international ridicule and pressure they are forced to
adopt a reasonable posture of being more responsible
than one another without, however, budging an inch
from their non-negotiable positions.

How constructive confidence building measures are
turned into a non-starter can be gauged from the
12-point Indian package that, in the same breath,
excludes negotiations with Pakistan. Similarly, how
announcements of good intent are not translated into
requisite follow-up action can be judged from General
Pervez Musharraf’s remarkable announcements not to let
Pakistani soil be used for terrorism against any
country, including India. Even if the one side does
take a bold step, as indeed General Musharraf did take
even on the Kashmir front, the other side declines to
appreciate and shows no inclination to reciprocate.
And when one leader tries to rise above the small
mentality, as PM Vajpayee did in his April speech, not
a day had passed that his unconditional offer was
inundated with the burden of a long list of
conditions. What was wrong with General Musharraf’s
offer to India for an immediate ceasefire on the Line
of Control (LoC), and its facilitation across the LoC,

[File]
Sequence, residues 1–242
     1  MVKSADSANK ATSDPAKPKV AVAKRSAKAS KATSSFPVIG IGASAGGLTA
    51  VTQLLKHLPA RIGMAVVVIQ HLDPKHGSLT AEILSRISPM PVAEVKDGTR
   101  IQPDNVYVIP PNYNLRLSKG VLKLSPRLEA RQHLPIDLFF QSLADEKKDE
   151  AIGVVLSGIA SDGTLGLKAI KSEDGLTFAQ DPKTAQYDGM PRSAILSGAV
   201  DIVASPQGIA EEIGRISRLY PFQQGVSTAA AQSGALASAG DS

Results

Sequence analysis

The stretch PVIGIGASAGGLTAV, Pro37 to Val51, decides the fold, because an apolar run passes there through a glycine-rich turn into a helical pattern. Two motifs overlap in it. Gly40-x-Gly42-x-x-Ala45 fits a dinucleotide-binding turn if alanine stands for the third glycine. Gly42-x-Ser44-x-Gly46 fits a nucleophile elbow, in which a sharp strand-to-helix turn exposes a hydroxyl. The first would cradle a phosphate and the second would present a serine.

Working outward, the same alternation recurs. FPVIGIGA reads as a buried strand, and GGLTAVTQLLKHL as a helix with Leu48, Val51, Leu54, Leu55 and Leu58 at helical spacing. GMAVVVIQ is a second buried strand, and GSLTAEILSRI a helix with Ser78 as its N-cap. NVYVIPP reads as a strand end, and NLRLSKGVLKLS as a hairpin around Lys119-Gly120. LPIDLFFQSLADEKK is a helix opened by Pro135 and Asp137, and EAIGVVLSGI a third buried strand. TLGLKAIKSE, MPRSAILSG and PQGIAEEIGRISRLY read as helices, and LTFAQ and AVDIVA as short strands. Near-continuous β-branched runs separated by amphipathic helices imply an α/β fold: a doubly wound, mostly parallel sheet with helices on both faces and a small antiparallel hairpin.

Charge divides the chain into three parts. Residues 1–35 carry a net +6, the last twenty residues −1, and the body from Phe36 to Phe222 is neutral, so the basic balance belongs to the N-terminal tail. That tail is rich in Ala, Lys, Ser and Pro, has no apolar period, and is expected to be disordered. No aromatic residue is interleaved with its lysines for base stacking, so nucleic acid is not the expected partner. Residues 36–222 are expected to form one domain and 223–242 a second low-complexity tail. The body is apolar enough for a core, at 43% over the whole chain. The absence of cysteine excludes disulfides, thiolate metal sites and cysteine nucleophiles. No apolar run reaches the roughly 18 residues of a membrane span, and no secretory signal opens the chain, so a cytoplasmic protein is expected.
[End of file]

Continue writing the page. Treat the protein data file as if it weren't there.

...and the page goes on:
although he demanded too much in return, while
addressing the India members of Parliament in
Islamabad?

With small minds and self-centered positions you can’t
move forward. However, with a big heart and superior
approach you turn around even that which is
unfavorable to your advantage or bring the adversary
to the point he is avoiding most. This is the
bankruptcy of our foreign office, or who ever controls
it, that it has failed to come up with a response to
12 Indian proposals except revealing its inability to
bring the other side on the right track, ie., an
integrated, uninterruptible, result-oriented and
composite dialogue. Yes, Indian package excludes a
composite dialogue unless cross-border violence stops.
But how can violence come to an end without
considering General Musharraf’s offer for a ceasefire?
And how can this Indian package be considered by the
two sides without a dialogue and how can New Delhi not
proceed forward after, say, this package is fully
implemented?

How small minds scuttle the confidence building